Students will work in teams of two and will be responsible for taking a leadership role in class discussions for a week. Typically, students will need to read a full week ahead (or at least very early into the week) so that they can steer the conversation.

Most of the work of the leadership team will take place online (in, but the leaders should also play a more active role in the week’s in-class discussion.

You can consider meeting with the instructor ahead (or early in the week) to share your thoughts and hear his. You might also consider doing some additional readings to suggest, writing summaries to share with the class, and having discussion questions on hand.

Graded through negotiation with the instructor out of 10.

Each media group should collaboratively write a blog post describing the business model you have chosen. Your post should not just describe the model, but also extol its virtues and why it is likely to succeed in the current climate. You may structure your post as you see fit, but it is suggested that you integrate description and analysis (as opposed to describing first and analyzing second).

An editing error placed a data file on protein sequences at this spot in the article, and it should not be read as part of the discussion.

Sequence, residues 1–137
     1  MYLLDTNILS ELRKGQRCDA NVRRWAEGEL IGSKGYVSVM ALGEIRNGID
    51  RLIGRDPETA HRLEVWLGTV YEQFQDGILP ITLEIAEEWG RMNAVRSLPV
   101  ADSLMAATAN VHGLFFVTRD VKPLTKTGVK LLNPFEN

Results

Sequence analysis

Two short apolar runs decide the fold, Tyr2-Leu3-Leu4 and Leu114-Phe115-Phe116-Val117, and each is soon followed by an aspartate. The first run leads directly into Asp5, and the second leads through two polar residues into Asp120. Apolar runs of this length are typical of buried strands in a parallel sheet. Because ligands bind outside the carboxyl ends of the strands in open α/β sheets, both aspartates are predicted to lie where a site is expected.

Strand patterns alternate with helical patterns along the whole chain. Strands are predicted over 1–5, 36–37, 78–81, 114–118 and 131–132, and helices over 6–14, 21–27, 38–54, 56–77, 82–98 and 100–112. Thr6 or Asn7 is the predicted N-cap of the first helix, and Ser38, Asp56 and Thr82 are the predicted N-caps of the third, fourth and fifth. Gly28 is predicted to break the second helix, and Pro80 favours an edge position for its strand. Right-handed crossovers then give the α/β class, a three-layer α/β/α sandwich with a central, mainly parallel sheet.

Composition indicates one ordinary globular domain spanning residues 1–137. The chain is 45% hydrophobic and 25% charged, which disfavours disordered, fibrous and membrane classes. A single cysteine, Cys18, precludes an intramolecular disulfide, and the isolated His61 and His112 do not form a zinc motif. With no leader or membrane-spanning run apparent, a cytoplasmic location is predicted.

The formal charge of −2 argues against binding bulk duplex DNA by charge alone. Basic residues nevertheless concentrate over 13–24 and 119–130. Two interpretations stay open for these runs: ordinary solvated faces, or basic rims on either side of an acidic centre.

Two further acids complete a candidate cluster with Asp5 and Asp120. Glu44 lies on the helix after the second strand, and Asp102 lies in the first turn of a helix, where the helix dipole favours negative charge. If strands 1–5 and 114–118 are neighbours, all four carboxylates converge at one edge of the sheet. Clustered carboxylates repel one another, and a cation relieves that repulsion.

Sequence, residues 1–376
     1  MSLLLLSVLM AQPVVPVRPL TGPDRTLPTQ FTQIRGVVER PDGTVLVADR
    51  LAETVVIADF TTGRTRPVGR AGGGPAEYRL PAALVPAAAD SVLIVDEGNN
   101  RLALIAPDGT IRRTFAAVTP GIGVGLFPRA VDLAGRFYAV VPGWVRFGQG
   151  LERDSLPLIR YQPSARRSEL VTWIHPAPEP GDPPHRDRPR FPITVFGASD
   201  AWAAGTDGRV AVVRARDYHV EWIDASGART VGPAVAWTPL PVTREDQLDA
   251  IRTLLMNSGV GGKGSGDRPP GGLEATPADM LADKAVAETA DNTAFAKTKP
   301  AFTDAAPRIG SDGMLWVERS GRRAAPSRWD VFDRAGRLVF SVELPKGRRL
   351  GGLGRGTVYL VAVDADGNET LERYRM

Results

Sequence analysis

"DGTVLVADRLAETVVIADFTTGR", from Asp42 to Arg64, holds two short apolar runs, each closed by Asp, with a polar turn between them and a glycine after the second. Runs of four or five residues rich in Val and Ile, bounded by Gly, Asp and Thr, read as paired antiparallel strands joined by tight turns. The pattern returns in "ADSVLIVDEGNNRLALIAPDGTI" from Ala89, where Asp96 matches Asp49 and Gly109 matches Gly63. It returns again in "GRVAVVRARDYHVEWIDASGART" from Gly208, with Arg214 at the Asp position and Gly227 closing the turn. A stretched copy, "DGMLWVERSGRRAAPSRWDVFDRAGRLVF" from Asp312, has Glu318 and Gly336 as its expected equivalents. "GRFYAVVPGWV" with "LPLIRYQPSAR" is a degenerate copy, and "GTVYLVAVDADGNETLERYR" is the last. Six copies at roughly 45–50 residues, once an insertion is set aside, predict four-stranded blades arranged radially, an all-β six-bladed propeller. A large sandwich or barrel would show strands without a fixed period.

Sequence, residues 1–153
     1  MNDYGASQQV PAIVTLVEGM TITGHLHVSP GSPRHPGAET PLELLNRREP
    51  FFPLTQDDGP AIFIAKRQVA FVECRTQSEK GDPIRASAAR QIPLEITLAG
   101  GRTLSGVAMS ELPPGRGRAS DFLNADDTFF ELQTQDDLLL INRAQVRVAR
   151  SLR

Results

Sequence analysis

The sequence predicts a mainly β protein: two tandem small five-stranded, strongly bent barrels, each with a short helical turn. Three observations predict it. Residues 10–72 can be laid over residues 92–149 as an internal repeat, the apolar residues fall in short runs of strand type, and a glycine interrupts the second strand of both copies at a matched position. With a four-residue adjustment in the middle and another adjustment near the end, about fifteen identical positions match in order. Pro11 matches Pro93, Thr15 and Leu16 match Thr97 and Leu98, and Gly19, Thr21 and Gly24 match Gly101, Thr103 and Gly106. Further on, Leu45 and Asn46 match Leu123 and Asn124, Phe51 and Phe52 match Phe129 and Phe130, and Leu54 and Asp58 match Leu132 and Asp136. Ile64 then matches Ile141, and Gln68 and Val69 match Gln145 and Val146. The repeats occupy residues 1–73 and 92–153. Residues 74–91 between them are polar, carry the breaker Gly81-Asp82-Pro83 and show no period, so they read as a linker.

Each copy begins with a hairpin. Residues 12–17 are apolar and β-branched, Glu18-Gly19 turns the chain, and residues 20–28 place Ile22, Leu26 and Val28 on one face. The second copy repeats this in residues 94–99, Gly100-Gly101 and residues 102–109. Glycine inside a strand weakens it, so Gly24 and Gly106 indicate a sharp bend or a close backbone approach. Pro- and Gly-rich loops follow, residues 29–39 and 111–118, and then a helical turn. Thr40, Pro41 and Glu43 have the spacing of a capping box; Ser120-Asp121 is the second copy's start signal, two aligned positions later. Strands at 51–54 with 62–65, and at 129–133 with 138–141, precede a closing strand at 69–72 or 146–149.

Your post is an opportunity to reflect on what your chosen business model will excel at. Remember that success does not necessarily mean maximizing profit in the short term, or even in the long term.

This assignment should be written in a Google Doc or in the Etherpad, where you can all author simultaneously and edit each other’s work, as well as leave comments, respond, and resolve. Gaining experience with collaborative writing is a key learning objective of this assignment, and so every team member should participate on the shared document. You must grant the instructor access to the document.

Graded through negotiation with the instructor out of 10.


Each student should pay attention to how their data moves from one place in their online life to another. This might be a search for a product that then turns up as advertisement, a link you share on a messaging app that appears in your suggested readings, or anything of this nature. You may also ask your friends and family for examples in their digital lives and incorporate them into your piece. In a brief blog post (~500 words), students should reflect on their experience of tracking how they are being tracked, and what having a heightened awareness of this experience means to them.

Graded through negotiation with the instructor out of 10.